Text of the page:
Memoirs of the Life of the Late Charles Lee, Esq. Second in Command in the Service of the United States of America During the Revolution: To which are Added His Political and Military Essays. Also, Letters To, and from Many Distinguished Characters, Both in Europe and America
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acquaintance affairs aid de camp America appear arms army assure attack battery believe Britain camp cause character CHARLES LEE circumstances citizens Colonel colonies command common conduct Congress continent Continental Congress coup d'œil court dæmon defence defired endeavour enemy England enlist esteem Evangelus excellent expence fame favour fend fense fleet Fort Washington gentlemen give greatest guns happy honour hope humble servant hundred Island JOHN HANCOCK king land laws least letter liberty Lord Lord Granby Majesty Major Gen mankind Marquis of Beccaria matrass means ment merit military mould nature never New-York obedient obliged officers opinion parliament Philadelphia possession present prince principle province racter rank reason received regiment render respect sentiments sincerely soldiers South Carolina spirit Sullivan's Island theſe thing thought thousand tion troops Virginia virtue Washington whole William Henry Drayton wish zeal
Page 293 - An Irishman, one Mr. Burke, is sprung up in the House of Commons, who has astonished every body with the power of his eloquence, his comprehensive knowledge in all our exterior and internal politics and commercial interests. He wants nothing but that sort of dignity annexed to rank, and property in England, to make him the most considerable man in the Lower House.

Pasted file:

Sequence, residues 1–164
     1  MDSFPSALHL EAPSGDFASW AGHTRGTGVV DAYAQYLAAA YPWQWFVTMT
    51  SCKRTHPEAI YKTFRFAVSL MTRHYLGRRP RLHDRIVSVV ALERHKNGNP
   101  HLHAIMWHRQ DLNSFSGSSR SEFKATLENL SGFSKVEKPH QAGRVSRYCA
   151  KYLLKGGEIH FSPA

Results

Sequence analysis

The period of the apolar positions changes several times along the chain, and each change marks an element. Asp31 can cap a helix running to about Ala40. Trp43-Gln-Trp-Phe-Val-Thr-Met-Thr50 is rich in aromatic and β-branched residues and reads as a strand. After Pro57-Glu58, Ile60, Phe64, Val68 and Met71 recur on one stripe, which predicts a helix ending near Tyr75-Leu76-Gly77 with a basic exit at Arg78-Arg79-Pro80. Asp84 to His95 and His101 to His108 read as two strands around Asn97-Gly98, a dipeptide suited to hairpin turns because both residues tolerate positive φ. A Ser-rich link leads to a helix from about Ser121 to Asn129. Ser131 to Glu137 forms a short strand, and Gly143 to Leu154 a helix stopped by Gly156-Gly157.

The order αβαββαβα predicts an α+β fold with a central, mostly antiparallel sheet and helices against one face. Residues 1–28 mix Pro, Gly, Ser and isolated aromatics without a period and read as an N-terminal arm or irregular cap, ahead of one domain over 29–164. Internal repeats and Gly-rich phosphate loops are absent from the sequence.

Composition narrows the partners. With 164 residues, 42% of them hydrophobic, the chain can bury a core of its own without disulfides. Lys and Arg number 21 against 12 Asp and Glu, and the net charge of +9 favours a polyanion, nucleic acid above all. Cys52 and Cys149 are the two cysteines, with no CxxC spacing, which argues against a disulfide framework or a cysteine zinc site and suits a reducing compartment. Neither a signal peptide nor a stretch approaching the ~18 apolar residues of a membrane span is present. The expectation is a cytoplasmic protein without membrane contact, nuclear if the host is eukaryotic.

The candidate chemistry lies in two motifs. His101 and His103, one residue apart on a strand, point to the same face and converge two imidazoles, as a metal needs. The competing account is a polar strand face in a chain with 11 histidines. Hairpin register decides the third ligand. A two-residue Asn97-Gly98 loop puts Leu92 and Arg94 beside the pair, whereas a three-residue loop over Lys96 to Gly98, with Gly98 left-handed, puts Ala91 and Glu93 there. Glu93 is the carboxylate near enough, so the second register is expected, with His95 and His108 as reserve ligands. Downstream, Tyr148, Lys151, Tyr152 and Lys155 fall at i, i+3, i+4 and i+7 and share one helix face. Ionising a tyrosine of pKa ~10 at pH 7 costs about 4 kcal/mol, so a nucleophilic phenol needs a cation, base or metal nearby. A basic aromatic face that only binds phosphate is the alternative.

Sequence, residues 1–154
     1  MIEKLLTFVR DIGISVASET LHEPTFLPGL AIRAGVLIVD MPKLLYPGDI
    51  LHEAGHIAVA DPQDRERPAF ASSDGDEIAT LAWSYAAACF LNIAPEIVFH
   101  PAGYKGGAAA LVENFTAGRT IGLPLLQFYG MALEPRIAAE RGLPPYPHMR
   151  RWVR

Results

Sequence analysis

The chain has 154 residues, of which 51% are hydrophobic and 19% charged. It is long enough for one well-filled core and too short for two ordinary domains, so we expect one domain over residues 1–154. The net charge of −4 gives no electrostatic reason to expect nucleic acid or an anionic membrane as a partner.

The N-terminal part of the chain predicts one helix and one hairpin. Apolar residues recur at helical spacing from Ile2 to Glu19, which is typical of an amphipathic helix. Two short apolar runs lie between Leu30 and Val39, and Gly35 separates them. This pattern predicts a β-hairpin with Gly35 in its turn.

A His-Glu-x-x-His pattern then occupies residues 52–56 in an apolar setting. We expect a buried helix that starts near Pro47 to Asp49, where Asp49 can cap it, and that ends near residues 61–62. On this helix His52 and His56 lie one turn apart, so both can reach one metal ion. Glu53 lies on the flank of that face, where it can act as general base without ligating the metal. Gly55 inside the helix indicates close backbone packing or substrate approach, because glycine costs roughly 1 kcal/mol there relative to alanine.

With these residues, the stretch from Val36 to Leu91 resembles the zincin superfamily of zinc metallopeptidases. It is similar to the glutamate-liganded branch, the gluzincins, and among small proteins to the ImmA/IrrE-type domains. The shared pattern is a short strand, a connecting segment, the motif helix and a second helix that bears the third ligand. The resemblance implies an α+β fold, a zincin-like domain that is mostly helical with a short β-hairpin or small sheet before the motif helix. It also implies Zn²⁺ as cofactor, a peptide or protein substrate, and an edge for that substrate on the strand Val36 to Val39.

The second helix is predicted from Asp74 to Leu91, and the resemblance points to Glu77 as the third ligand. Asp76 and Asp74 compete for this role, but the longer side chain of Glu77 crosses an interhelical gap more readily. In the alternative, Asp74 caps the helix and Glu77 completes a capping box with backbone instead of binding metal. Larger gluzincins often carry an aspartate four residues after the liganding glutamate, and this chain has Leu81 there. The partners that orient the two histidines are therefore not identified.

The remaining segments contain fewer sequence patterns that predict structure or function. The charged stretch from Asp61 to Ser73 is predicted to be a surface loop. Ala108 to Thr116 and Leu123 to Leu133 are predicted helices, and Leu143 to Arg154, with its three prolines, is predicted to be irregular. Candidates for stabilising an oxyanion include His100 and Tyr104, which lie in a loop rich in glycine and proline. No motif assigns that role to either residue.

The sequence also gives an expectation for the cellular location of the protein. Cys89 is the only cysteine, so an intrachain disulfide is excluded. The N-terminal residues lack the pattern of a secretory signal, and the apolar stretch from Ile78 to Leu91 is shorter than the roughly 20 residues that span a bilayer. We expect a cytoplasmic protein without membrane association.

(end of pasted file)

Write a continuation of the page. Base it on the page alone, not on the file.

Page 27 - I have a right to demand some reparation for the injury committed ; and, unless I can obtain it, I must in justice to myself, when this campaign is closed, which I believe will close the war, retire from a service at the head of which is placed a man capable of offering such injuries.
Page 276 - Washington, where both the plan of defence and execution were contemptible. If a real defence of the lines was intended, the number was too few ; if the fort only, the garrison was too numerous by half.
Page 27 - ... from your situation be in the least judges of the merits or demerits of our manoeuvres ; and, to speak with a becoming pride, I can assert that to these manoeuvres the success of the day was entirely owing.
Page 26 - For disobedience of orders, in not attacking the enemy on the 28th of June, agreeably to repeated instructions.
Page 185 - Whether this gentleman excepted, does really think his Excellency a great man ; or whether evidences could not be produced of his sentiments being quite the reverse ? 12th.
Page 29 - I trust that temporary power of office, and the tinsel dignity attending it, will not be able, by all the mists they can raise, to offuscate the bright rays of truth. In the mean time, your Excellency can have no objection to my retiring from the army,
Page 37 - ... must occur to every man who is not destitute of common reason, that the further they were from their ships and the heights of Middletown, the point of their security, the more they were (to use the military language) in the air. To these considerations may be added, that the ground we found them...
Page 53 - Drayton, can raise the most ingenious- supposition, say the keenest thing, and pen the most finished period with parenthesis ; nor ambition to correspond with you in your simple character of Mr. Charles Lee, whom I cannot consider but as legally disgraced for being guilty of abominable military treason against...
Page 239 - There is a kind of suspense in men's minds here at present, waiting to see what terms will be offered from England. I expect none that we can accept; and, when that is generally seen, we shall be more unanimous and more decisive. Then your proposed solemn league and covenant will go better down, and perhaps most of your other strong measures will be adopted.